The violence perpetrated by the Indian State after the extra-judicial execution  of 22-year old Hizbul Mujahideen Commander Burhan Wani  is highly condemnable. The Indian Army, Kashmir Police and other task forces have reacted violently with bullets, pellets and lathis in the clashes that erupted after Burhan’s funeral. This was immediately followed by many more protests and demonstrations as part of Kashmiri resistance to the military occupation of Kashmir by the Indian State.

In the violent repression of the protests which had a huge ground support (evident from the large attendance to Burhan’s funeral) , 55 civilians  have been killed and around 3100 people  were severely injured by the pellets , lathis and bullets, some of whom have lost their eyesight.

We, unequivocally, condemn this brutal use of force by the Indian State in dealing with the protests after the killing of Burhan Wani.

Several patients with injuries preferred not to get admitted in the hospital as the Police and CRPF have arrested some patients from the SMHS Hospital Casualty ward.

The armed forces were seen attacking hospitals and ambulances and stopping people going to funeral processions.

Consequently, alarming images of police, army and task force brutalities against women, children and youth have surfaced on social media.

We condemn the inhuman treatment meted out to the patients and the injured at the hands of the armed forces and the police.

At the same time, partial and prejudiced reportage by the jingoist national media is becoming the basis for racism, regionalism and religious intolerance among many Indians who are not afraid to bully Kashmiris and other minorities.

We condemn the grossly irresponsible way in which news channels reported about the on-going spate of violence playing to the majoritarian nationalist sentiments’ in a rush to increase their TRP’s and we appeal to them to report the ground realities, pain and agony of the Kashmiris.

The region is under a complete blackout with all modes of communication and transport blocked. The Valley has been under curfew for the past 14 days and it is still being enforced at the time of the writing of this letter.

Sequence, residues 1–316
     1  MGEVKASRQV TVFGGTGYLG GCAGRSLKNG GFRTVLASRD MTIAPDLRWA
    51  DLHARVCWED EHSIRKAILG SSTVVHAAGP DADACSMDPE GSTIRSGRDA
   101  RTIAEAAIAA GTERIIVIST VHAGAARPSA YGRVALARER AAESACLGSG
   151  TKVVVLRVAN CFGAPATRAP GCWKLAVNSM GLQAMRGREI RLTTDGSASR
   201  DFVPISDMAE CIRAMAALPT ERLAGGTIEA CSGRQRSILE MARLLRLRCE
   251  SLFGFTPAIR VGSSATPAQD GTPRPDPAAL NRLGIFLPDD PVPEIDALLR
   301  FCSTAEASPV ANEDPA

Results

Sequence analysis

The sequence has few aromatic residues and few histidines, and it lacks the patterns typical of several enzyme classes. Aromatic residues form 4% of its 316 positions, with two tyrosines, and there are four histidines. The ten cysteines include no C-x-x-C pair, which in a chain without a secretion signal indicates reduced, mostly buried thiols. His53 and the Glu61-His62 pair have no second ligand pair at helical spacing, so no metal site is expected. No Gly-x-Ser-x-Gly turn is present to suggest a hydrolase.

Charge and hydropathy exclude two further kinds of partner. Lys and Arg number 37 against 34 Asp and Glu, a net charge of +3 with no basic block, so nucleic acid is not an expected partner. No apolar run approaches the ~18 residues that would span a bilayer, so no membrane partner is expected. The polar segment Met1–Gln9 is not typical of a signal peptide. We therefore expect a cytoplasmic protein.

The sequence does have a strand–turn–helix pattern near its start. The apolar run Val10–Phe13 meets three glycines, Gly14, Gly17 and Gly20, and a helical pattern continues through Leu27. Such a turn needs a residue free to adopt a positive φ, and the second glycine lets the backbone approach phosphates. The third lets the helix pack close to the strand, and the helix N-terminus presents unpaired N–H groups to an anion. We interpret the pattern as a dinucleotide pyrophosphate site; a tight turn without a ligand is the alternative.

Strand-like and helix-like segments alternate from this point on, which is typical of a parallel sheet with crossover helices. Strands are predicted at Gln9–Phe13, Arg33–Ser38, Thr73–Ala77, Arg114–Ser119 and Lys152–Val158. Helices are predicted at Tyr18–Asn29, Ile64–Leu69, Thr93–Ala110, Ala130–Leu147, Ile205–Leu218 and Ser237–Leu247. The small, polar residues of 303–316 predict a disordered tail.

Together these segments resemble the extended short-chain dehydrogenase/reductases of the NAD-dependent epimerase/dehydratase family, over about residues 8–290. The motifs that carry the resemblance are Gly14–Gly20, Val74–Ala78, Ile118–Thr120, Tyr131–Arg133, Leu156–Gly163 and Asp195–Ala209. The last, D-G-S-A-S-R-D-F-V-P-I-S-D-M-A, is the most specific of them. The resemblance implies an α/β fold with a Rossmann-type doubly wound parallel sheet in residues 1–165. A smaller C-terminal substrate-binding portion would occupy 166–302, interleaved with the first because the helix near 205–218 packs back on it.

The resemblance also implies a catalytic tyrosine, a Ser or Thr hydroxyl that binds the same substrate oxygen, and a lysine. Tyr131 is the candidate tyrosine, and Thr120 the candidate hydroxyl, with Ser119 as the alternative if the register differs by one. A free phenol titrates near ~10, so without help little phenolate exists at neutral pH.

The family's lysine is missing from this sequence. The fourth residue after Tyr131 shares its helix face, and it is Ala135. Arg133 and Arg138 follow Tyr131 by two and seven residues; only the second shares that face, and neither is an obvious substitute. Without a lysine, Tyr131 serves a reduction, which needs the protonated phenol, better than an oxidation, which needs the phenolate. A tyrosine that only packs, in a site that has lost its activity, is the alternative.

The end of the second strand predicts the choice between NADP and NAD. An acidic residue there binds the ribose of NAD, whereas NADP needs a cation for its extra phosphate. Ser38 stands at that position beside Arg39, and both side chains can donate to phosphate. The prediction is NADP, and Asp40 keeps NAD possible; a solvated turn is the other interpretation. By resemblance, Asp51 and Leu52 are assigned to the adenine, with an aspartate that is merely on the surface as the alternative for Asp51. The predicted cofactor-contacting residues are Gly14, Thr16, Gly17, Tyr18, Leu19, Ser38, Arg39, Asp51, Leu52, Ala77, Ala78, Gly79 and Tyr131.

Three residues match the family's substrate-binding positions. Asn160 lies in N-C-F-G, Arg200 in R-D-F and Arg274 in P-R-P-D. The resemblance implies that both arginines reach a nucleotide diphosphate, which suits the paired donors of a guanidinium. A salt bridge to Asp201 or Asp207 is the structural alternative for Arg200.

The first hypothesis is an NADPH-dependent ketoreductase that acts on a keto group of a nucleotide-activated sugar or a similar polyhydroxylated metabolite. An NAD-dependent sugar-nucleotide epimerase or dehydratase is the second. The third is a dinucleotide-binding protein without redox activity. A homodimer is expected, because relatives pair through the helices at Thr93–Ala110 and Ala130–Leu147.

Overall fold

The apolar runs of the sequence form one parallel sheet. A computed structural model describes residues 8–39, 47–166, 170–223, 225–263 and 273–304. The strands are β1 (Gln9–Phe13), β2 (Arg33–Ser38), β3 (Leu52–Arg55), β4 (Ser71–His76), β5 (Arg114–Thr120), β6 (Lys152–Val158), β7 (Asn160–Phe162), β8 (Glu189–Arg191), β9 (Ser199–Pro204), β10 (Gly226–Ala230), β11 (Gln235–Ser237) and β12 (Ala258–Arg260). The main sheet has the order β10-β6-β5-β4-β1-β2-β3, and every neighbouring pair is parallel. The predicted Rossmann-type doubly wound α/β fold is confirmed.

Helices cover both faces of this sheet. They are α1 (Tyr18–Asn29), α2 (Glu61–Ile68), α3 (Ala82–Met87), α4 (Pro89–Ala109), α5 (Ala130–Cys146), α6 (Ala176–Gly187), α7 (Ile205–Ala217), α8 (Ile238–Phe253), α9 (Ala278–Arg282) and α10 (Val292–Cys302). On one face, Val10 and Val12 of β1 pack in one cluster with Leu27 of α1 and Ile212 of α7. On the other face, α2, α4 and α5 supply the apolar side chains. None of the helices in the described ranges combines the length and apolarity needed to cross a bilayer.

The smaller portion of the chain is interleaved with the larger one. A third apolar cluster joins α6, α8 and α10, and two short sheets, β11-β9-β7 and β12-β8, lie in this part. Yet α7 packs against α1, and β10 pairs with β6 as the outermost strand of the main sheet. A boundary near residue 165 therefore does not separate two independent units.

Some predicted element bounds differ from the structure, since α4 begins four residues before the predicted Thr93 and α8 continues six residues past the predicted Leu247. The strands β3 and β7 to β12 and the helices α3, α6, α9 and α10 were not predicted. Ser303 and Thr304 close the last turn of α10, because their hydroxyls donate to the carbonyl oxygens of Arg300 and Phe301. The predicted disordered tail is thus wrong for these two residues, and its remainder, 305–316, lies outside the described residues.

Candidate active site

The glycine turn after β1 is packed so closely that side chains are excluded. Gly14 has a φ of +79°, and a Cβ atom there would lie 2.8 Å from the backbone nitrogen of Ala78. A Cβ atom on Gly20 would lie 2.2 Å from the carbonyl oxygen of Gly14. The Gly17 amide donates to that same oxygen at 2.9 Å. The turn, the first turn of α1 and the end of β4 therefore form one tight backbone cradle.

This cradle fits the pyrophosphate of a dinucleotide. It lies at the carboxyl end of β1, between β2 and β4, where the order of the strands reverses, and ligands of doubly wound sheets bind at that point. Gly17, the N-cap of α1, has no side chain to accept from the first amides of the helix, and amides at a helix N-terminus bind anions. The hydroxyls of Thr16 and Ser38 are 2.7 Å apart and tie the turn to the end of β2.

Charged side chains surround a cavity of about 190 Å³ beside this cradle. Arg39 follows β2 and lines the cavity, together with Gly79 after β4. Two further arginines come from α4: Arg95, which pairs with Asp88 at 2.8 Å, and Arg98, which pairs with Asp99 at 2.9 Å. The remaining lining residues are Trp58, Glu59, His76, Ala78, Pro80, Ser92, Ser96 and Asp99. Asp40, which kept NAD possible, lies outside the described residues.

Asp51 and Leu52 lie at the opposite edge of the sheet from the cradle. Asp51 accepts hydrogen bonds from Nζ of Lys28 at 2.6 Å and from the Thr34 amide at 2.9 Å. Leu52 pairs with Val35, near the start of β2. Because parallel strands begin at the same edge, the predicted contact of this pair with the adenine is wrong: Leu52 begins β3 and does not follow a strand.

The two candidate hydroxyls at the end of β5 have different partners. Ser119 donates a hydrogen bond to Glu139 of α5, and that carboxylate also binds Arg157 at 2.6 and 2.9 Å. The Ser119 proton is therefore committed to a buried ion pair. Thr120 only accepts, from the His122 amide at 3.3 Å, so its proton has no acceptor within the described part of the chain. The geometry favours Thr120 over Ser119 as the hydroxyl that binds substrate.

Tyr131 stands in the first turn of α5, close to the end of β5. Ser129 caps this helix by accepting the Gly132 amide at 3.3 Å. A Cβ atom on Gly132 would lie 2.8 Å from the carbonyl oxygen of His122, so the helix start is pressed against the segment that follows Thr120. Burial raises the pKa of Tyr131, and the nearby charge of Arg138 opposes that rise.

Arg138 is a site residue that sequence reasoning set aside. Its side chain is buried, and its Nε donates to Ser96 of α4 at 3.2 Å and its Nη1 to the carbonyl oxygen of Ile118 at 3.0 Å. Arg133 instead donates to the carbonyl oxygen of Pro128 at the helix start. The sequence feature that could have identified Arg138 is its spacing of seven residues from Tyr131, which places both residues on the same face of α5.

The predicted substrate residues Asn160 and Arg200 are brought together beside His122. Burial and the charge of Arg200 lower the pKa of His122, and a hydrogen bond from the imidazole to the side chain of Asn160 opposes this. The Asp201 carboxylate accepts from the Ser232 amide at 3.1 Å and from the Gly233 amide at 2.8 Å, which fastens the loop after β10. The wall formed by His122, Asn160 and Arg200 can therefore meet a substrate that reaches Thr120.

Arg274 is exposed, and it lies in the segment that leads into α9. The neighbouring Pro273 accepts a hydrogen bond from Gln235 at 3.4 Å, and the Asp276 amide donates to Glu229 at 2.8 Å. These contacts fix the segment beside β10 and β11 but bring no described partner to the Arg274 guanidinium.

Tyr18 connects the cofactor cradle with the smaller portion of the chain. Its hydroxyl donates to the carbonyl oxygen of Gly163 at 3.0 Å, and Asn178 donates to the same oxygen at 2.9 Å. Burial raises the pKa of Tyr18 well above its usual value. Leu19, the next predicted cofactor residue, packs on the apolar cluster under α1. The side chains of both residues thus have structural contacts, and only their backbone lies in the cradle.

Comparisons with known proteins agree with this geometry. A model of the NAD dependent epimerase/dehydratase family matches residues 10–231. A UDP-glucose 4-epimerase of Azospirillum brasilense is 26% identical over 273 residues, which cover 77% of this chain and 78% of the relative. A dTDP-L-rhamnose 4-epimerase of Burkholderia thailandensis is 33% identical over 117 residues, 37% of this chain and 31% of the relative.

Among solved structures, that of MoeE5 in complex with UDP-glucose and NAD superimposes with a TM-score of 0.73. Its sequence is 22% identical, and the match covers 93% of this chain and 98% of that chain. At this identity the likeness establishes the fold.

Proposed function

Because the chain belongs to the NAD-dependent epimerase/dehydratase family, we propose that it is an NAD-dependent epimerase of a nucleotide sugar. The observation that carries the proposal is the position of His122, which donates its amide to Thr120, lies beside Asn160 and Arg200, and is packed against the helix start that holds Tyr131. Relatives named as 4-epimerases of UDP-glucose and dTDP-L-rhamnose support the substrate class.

Internet and mobile services have been completely cut-off for over nine days now. There are also reports of electricity and water supply cuts in some parts of the state. Newspaper offices of Kashmir Times and Rising Kashmir were attacked by police and its employees arrested and its copies seized.

The attack on freedom of the press is a part of the tactics of the repressive mechanism of the Indian state to contain popular mass unrest in the valley.

This is not a one off incident as similar methods of intimidating and gagging the press have been employed by the government and its security agencies in the last two and a half decades.

This is a complete breakdown of law and order machinery as the institutions which are supposed to maintain peace, law and order are responsible for the lack of same.

We demand the immediate restoration of communication and transport facilities in the valley and appeal to the Govt. to end the curfew too.

The Indian state is inflicting all these atrocities on the Kashmiris in the name of Indians. We believe that the time has come when we protest the human right abuses and violations being carried out in our name by the Indian State. The following are our two pronged demands to the Indian Government:

Demilitarise Kashmir: Kashmir is the world’s most densely militarized colony with over 700000 military, paramilitary and militarized police.

We demand that Army is withdrawn from civilian areas in the Valley and not to use the Army for maintaining regular law and order. We also appeal to the Indian State to confine the job of the army to just the ‘borders’.